Affordability continues to be a problem in Sudbury's housing market

Affordability continues to be a problem in Sudbury's housing market

Roger Pettingell Sarasota Real Estate

A new interest rate hike means potential homeowners and tenants in Sudbury will have a difficult search in what was already a tough market.

While some say the rate hike it’s a positive sign the market is starting to correct itself, rising interest rates are going to cost homeowners.

“The affordability issue in Sudbury is getting tougher and tougher every day,” said Brian Ceaser, of Today’s Mortgage Choice.

Ceaser said a “stress test” introduced by the government about five years ago didn’t have a big impact because rates were so low.

“So if their interest rate was 2.5 per cent, you had to still qualify at an interest rate of 5 ¼,” he said.

“Now that they’ve raised this by one per cent, the average interest rate is somewhere in the ballpark on a variable of 3.8 to 4.2.”

Ceaser said the move will affect affordability by about 10 to 15 per cent across the board.

“It’s definitely more difficult to qualify — this rate hike will cost your payments to go up about $50 for every $100,000 you have borrowed,” he said.

He expects the market to stabilize, particularly because supply continues to be a problem in Greater Sudbury, and we continue to welcome new residents.

“Immigration to this town is like something I’ve never seen before,” Ceaser said.

“We’re seeing so many people new to Canada that we didn’t see five, six or seven years ago. So with the amount of people coming to town and the lack of inventory, I don’t see home prices dropping.”

His best advice to those coming into town is to buy within your means and have fallback savings in case things go wrong.

“Just because someone qualifies you for that amount, doesn’t mean you can afford to spend it,” he said.

It wasn’t so long ago someone making $60,000-$70,000 a year able to buy a house, Ceaser said. Now two incomes are needed.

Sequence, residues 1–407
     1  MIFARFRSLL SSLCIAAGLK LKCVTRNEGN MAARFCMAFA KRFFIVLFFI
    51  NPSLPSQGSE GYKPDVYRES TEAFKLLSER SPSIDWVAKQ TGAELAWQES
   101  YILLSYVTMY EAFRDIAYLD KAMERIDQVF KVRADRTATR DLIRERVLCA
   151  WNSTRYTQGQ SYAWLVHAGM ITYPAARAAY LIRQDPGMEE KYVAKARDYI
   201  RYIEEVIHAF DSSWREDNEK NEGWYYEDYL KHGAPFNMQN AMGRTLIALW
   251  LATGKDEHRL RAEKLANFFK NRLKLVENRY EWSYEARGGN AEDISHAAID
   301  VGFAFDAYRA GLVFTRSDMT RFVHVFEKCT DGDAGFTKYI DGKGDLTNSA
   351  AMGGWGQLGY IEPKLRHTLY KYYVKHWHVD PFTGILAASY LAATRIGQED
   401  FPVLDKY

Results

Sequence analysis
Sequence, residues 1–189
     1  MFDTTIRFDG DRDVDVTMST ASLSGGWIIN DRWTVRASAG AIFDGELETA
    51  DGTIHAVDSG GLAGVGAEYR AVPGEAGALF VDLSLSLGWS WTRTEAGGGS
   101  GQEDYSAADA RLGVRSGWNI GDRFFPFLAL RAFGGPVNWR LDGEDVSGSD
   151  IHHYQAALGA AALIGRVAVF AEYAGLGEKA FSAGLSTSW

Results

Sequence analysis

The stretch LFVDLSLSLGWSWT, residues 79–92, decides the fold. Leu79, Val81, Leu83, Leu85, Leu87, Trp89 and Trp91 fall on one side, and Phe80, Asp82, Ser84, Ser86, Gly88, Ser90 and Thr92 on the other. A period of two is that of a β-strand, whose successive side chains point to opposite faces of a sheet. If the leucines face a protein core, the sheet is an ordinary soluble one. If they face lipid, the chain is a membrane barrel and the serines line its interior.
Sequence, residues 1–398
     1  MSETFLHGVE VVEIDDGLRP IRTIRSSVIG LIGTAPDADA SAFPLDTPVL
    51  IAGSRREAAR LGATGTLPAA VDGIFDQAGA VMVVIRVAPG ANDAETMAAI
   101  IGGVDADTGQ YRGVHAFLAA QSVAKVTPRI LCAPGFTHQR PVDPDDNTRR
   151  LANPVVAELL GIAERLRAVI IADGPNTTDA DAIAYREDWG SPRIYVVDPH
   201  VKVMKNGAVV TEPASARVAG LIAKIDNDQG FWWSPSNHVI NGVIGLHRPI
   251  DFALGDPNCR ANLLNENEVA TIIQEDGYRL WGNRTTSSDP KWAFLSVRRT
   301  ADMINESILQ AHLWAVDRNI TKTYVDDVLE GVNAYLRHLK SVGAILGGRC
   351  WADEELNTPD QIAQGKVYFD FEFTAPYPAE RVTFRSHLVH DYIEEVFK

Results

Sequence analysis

“Sudbury, you’ve seen it become a dual-income town,” he said.

Real estate agent Tanya Vanden Berg, chair of the Sudbury Real Estate Board, said even though housing prices are still much higher than they were a few years ago, they are still affordable compared to the rest of the province.

But rate increases will have an impact, she added.

“Well certainly it’s going to affect people’s ability for carrying that load of debt, that mortgage rate being higher,” Vanden Berg said.

“It’s probably one of the highest debts that Canadians, you know, have to pay every single month.”

The average home price in the city was just more than $450,000 in June.

On the flip side of the argument, when it comes to renters, advocates say the city has more work to do.

A recent CMHC study found it’s taking more hours for people working in Sudbury to keep monthly rent at 30 per cent of gross income for a two-bedroom apartment.

“From our end at the Homelessness Network, helping people who are chronically or absolutely homeless, what we’re finding is that there are no affordable spaces presently in Sudbury,” said Ray Landry.

Landry said everyone they’re placing have to be subsidized by their program or they need to find rent-geared-to-income.

“A person on Ontario Works cannot afford a place to live, it’s well beyond their means,” he said.

“A person on ODSP could afford but it will leave people with very little breathing room … Even with our $500 top-up over the housing portion of their benefits, there is hardly anything affordable.”

Landry said none of the city’s roughly 140 homeless people could afford a place to live right now and said the situation facing those who live near the poverty line is dire. 

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